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  • A Clinical Practice Guideline for the Management of Patients with Acute Spinal Cord Injury and Central Cord Syndrome: Recommendations on the Timing (≤24 hours versus >24 hours) of Decompressive Sur

    Final Number:
    4150

    Authors:
    J. Wilson; B. Aarabi; P. Anderson; P. Arnold; D. Brodke; A. Burns; K. Chiba; J. Dettori; J. Furlan; J. Harrop; L. Holly; S. Howley; T. Jeji; S. Kalsi-Ryan; M. Kotter; S. Kurpad; B. Kwon; R. Marino; A. Martin; E. Massicotte; G. Merli; J. Middleton; H. Nakashima; N. Nagoshi; K. Palmieri; M. Shamji; A. Singh; A. Skelly; L. Tetreault; A. Yee; M. Fehlings

    Study Design:
    Other

    Subject Category:

    Meeting: Congress of Neurological Surgeons 2017 Annual Meeting - Late Breaking Science

    Introduction: Preclinical evidence suggests that persistent compression of the spinal cord after a primary injury represents a reversible form of secondary injury which, if ameliorated in an expeditious fashion, may lead to reduced neural tissue injury and improved outcomes. This guideline aims to discuss the timing of surgical decompression in patients with traumatic spinal cord injury (SCI) and central cord syndrome.

    Methods: A systematic review of the literature was conducted to address the following key questions: (1) what is the efficacy and effectiveness of early decompression (= 24 hours) compared with late decompression (>24 hours) or conservative therapy based on clinically important change in neurological status?; (2) does timing of decompression influence functional or administrative outcomes?; (3) what is the safety profile of early decompression compared with late decompression or conservative therapy?; (4) what is the evidence that early decompression has differential efficacy or safety in subpopulations?; and (5) what is the comparative cost-effectiveness of early versus late decompression? A multidisciplinary guideline development group used this information, in combination with clinical expertise, to develop recommendations for the timing of surgical decompression in patients with SCI and central cord syndrome. The benefits and harms, financial impact, acceptability, feasibility and patient preferences of each recommendation were carefully considered.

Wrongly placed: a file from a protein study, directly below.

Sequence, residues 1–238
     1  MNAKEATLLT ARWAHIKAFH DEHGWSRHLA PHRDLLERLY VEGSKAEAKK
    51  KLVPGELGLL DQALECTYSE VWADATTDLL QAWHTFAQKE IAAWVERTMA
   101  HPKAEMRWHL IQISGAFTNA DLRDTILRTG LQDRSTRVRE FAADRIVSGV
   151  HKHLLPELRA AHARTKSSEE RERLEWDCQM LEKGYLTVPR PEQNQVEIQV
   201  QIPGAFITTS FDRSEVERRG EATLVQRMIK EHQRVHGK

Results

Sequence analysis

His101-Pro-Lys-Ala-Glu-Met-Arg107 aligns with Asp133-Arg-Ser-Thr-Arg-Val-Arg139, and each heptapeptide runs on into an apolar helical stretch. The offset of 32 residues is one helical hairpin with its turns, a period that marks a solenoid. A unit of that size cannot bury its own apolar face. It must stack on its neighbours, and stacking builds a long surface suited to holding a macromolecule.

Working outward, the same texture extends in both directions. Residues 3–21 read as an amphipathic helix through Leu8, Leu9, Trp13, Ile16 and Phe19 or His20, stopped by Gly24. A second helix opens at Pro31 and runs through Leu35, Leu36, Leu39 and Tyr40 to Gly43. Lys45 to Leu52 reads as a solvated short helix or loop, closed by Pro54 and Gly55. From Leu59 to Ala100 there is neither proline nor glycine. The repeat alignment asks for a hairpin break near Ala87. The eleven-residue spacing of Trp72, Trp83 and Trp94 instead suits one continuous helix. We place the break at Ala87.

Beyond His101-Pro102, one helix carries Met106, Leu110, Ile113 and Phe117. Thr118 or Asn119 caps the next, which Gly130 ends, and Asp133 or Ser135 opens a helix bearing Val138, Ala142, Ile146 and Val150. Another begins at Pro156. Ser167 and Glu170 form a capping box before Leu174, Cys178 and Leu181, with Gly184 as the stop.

Results: Our recommendations were: “We suggest that early surgery be considered as a treatment option in adult patients with traumatic central cord syndrome” and “We suggest that early surgery be offered as an option for adult acute SCI patients regardless of level.” Quality of evidence for both recommendations was considered low.

    Conclusions: These guidelines should be implemented into clinical practice to improve outcomes and reduce morbidity in patients with acute SCI and central cord syndrome by promoting standardization of care, decreasing the heterogeneity of management strategies and encouraging clinicians to make evidence-informed decisions.

    Patient Care: These guidelines should be implemented into clinical practice to improve outcomes and reduce morbidity in patients with acute SCI and central cord syndrome by promoting standardization of care, decreasing the heterogeneity of management strategies and encouraging clinicians to make evidence-informed decisions.

    Learning Objectives: This guideline aims to discuss the timing of surgical decompression in patients with traumatic spinal cord injury (SCI) and central cord syndrome.

    References:

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